Small Wars Journal

A Potential Game Changer

Afghanistan's New Minister of Interior: A Potential Game Changer - Dr. Mark Moyar, Orbis Operations.

During the Obama administration's strategic review last year, the U.S. government and media paid surprisingly close attention to the selection of Afghanistan's cabinet members, and pressed Karzai to retain the ministers whom Westerners deemed most capable. The forced resignations of Interior Minister Mohammad Hanif Atmar and National Directorate of Security (NDS) chief Amrullah Saleh last month garnered less attention, despite the fact that they were two of the government's most important figures. The decline in Western enthusiasm about Atmar no doubt contributed heavily to the tepidness of the response. Soon thereafter, the replacement of General Stanley McChrystal with General David Petraeus drew all foreign attention to the American side of things, with the result that scarcely any Westerner noticed Karzai's appointment of Bismillah Khan Mohammadi as Interior Minister in late June. Yet this change of command could influence the course of the war more than the change of the senior American military commander. In the current war, the Interior Ministry is the most important of all Afghan ministries, as well as the one most in need of repair, and the new minister has an excellent track record that could allow him to succeed where others have failed so miserably.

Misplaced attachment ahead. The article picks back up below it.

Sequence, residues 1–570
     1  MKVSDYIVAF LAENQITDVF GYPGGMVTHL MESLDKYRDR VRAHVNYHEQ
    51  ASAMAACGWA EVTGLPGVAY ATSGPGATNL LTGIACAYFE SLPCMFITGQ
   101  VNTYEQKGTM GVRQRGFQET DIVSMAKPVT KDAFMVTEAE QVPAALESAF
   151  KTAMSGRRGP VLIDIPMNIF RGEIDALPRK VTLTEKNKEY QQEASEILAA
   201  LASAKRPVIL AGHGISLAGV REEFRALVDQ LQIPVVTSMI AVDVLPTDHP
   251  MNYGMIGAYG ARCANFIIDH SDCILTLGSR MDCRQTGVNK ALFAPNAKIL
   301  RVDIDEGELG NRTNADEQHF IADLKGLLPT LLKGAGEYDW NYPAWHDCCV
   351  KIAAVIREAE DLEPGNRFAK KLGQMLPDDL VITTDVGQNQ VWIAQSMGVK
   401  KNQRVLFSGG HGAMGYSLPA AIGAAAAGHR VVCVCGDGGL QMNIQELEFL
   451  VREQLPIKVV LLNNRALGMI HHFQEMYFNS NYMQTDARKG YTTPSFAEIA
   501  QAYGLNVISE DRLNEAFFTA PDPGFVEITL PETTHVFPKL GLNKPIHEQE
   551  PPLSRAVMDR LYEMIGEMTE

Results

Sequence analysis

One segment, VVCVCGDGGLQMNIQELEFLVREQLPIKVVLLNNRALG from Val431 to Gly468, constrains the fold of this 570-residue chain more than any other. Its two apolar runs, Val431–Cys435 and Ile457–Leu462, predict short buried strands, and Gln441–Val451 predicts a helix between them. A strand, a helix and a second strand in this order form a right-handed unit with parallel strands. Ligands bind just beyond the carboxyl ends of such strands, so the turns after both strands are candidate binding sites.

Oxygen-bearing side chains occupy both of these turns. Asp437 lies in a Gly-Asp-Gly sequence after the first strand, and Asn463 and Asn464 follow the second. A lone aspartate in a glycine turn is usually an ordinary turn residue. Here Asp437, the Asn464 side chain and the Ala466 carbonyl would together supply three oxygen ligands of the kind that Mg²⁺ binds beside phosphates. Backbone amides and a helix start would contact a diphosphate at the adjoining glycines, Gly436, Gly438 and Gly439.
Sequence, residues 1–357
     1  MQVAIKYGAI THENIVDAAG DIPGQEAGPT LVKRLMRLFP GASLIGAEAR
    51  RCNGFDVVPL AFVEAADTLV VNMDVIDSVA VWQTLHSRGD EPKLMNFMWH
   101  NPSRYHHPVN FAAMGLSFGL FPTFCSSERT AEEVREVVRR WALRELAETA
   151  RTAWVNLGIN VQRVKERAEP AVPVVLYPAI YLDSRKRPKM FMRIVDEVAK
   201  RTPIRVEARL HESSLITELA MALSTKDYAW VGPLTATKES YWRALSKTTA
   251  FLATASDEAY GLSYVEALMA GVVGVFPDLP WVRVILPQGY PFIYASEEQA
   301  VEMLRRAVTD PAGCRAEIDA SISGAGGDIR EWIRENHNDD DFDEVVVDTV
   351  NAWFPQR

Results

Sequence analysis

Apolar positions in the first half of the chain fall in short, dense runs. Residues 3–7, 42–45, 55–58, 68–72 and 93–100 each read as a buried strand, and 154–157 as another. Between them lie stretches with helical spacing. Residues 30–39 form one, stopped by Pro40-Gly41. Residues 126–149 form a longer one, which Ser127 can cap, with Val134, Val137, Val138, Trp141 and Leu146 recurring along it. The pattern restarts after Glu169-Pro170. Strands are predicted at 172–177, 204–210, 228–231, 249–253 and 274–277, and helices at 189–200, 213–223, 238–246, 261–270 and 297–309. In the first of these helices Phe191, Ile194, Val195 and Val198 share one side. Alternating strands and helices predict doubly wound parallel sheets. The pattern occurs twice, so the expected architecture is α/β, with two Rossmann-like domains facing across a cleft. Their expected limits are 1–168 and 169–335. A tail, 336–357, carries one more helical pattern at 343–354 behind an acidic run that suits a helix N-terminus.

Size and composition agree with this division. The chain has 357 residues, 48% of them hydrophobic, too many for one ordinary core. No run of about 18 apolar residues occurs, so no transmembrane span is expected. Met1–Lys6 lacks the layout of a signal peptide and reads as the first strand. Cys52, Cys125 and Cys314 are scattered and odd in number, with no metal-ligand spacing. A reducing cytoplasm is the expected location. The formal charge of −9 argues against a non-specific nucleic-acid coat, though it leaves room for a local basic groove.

In a country with an authoritarian culture and a scarcity of seasoned executives, the quality of cabinet ministers has an enormous impact on the development of governmental institutions. This reality is seldom appreciated fully by Westerners, accustomed as they are to professional bureaucracies staffed with experienced civil servants. A minister's ability to shape leadership development and to select individuals for leadership positions determines long-term institutional effectiveness more than anything else. Afghanistan's Interior Minister performs these functions for the Afghan National Police, and has never done either very well. From the start, leadership development in the Afghan National Police has been hampered by poor recruiting and poor training, and police chiefs have regularly received their appointments through personal connections or bribery...

Much more at Orbis.